Tourists find historic moment but limited options in mourning Cuba
By Peter Orsi, AP
November 30, 2016, 12:27 am TWN
HAVANA--They came for salsa music and mojitos and ended up wandering through a city turned still and silent by nine days of national mourning for Fidel Castro.
As Cuba prepares a massive commemoration for the leader of its socialist revolution, tens of thousands of high-season travelers have found themselves accidental witnesses to history — and smack in the middle of a somber city that's little like its usual exuberant self.
"Who knows what tomorrow or after nine days brings in terms of the country and what happens for the future," said Graham Palmer, a 36-year-old financial director from London. "And I think we will certainly look back at the airport tomorrow and feel quite privileged that we've been here."
"We picked up the (Communist Party) Granma paper from yesterday, so we've got that," said his companion, 36-year-old marketing worker Emma Taylor.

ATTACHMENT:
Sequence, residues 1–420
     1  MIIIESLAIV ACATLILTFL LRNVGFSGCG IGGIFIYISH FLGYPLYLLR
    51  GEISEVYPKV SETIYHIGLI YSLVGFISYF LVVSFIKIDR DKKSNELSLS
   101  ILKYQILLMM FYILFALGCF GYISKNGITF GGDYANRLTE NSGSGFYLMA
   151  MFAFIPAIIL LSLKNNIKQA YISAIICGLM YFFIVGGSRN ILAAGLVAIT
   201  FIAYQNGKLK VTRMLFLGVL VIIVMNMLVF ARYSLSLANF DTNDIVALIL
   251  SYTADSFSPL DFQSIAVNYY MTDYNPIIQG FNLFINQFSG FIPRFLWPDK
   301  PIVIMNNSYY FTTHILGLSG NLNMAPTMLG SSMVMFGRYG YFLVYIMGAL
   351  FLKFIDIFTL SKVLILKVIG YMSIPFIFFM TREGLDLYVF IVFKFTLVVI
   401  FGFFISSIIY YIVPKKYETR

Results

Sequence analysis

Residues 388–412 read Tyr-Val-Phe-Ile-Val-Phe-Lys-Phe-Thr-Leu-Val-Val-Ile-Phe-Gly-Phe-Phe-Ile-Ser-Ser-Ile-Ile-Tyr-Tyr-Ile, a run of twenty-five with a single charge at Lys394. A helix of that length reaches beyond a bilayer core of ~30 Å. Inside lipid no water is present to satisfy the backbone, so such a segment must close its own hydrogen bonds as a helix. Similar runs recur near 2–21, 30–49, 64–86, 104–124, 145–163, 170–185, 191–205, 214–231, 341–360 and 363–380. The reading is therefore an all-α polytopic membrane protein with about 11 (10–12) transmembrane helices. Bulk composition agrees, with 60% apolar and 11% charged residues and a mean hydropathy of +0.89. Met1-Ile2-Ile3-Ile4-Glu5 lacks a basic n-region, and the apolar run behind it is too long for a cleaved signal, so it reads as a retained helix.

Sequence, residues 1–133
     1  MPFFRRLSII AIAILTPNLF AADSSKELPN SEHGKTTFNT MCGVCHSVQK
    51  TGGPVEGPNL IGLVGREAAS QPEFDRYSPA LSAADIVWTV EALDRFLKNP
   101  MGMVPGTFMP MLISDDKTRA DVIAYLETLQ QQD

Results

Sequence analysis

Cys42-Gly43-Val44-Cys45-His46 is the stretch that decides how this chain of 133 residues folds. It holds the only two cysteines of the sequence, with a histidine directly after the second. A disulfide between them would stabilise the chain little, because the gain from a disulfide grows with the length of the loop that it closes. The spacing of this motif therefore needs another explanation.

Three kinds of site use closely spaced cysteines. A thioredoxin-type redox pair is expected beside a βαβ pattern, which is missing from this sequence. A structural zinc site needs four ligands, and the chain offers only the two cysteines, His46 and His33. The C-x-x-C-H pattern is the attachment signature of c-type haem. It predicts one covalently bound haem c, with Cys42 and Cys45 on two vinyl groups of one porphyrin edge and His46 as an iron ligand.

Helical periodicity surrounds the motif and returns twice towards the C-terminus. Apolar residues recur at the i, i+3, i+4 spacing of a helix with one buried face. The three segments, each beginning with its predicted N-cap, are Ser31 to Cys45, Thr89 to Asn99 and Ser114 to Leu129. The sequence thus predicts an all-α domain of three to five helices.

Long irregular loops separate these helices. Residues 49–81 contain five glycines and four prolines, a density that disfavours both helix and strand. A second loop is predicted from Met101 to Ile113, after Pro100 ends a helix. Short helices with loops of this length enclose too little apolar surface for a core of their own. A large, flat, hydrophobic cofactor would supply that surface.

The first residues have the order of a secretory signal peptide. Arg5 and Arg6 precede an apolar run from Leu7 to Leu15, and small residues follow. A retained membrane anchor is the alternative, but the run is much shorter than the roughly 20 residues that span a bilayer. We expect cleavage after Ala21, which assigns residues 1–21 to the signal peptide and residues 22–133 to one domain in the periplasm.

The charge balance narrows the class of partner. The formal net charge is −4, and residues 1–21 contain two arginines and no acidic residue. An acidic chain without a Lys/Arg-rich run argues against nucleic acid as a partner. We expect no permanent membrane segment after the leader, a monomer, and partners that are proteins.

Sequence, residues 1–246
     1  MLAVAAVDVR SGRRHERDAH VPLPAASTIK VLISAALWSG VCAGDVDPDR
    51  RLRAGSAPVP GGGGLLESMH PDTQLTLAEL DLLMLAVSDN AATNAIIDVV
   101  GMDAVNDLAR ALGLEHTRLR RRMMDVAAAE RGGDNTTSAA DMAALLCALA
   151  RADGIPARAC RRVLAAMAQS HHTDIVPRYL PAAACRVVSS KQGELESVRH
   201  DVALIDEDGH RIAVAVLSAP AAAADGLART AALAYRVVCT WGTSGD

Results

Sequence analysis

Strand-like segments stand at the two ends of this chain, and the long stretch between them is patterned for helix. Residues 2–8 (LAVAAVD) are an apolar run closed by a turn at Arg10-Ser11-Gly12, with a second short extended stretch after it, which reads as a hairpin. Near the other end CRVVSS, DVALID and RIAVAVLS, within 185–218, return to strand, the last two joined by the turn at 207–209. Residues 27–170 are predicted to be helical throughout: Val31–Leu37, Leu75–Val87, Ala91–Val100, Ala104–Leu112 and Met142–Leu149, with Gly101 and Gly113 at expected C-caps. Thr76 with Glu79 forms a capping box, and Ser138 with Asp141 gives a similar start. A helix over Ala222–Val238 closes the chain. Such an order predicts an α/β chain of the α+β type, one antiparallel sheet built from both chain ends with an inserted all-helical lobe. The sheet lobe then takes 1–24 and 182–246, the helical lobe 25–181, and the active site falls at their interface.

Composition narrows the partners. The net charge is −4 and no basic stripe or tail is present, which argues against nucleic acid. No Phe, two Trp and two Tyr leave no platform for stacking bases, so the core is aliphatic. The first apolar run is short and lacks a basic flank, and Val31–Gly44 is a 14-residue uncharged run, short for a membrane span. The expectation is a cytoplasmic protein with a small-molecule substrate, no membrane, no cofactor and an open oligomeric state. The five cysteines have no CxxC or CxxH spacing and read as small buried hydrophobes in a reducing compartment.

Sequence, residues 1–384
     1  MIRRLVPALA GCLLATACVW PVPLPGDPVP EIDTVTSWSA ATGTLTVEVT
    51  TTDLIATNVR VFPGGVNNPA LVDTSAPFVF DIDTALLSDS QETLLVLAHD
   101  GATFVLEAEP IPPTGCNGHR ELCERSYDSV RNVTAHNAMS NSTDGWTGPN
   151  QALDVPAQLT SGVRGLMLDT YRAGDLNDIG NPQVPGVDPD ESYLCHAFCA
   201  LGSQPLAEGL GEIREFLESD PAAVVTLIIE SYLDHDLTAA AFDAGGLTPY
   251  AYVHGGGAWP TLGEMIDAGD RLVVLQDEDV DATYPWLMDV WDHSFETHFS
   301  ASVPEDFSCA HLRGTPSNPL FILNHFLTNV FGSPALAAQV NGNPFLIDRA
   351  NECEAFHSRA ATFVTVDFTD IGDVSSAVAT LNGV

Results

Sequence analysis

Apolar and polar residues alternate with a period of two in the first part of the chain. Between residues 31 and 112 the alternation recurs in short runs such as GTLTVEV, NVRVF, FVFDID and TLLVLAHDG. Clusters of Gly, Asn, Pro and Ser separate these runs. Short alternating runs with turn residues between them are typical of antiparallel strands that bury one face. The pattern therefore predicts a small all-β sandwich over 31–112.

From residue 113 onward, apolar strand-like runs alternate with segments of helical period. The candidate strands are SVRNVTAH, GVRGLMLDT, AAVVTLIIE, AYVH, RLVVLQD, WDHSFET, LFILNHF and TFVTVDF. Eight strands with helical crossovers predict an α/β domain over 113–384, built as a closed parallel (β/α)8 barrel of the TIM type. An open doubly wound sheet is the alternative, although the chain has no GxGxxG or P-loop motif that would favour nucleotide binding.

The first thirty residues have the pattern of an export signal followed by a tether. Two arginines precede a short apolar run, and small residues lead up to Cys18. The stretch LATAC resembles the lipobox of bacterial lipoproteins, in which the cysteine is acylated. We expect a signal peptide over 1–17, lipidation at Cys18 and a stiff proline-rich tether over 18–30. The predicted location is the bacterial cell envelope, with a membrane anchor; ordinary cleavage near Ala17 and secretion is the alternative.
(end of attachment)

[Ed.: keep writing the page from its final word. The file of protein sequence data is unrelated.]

"I think we could quite even think about framing it," Palmer interjected. "It's quite poignant."
Yet they and other travelers said that in addition to the awe at being present as Cubans honor one of the 20th century's most influential leaders, there's a tinge of regret at seeing such a subdued Havana.
Many museums have closed their doors, and a state-sanctioned ban on live music has shuttered concerts and nightspots including the famed Tropicana nightclub. Old Havana these days is eerily devoid of the roving troubadours whose Buena Vista Social Club croonings normally echo through the cobblestone streets. And the 1950s classic cars that function as collective taxis are doing without the usual reggaeton at max volume.
Martin Sawicki, a 34-year-old accountant from Warsaw, Poland, said he was unable to visit the University of Havana or the Revolution Plaza, where Castro's ashes are to be on display starting Monday. Workers there have already cordoned off access to the towering monument to independence hero Jose Marti.
Meanwhile a citywide ban on most alcohol sales means those savoring Cuban cigars for the first time have to do so without the traditional accompanying snifter of rum.